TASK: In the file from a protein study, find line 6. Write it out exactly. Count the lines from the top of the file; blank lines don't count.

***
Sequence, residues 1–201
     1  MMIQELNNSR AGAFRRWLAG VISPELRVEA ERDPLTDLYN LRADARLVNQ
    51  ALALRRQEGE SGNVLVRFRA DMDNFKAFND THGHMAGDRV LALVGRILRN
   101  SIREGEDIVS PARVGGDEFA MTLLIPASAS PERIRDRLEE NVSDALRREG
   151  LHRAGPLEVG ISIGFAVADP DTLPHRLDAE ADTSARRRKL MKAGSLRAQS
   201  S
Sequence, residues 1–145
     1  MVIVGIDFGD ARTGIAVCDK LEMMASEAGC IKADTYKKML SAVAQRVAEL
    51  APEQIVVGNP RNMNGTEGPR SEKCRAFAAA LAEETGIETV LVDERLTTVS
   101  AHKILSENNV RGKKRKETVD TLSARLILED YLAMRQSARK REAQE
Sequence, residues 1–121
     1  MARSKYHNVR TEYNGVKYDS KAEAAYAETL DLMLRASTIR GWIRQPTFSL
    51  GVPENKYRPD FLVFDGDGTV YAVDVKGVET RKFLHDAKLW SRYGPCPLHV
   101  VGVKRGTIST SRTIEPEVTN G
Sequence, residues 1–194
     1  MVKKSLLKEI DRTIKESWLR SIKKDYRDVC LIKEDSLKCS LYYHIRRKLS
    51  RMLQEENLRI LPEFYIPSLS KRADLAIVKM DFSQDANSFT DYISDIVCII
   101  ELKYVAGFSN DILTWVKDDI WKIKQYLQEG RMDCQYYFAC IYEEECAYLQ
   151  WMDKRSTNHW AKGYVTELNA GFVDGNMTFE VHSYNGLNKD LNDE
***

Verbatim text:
   201  S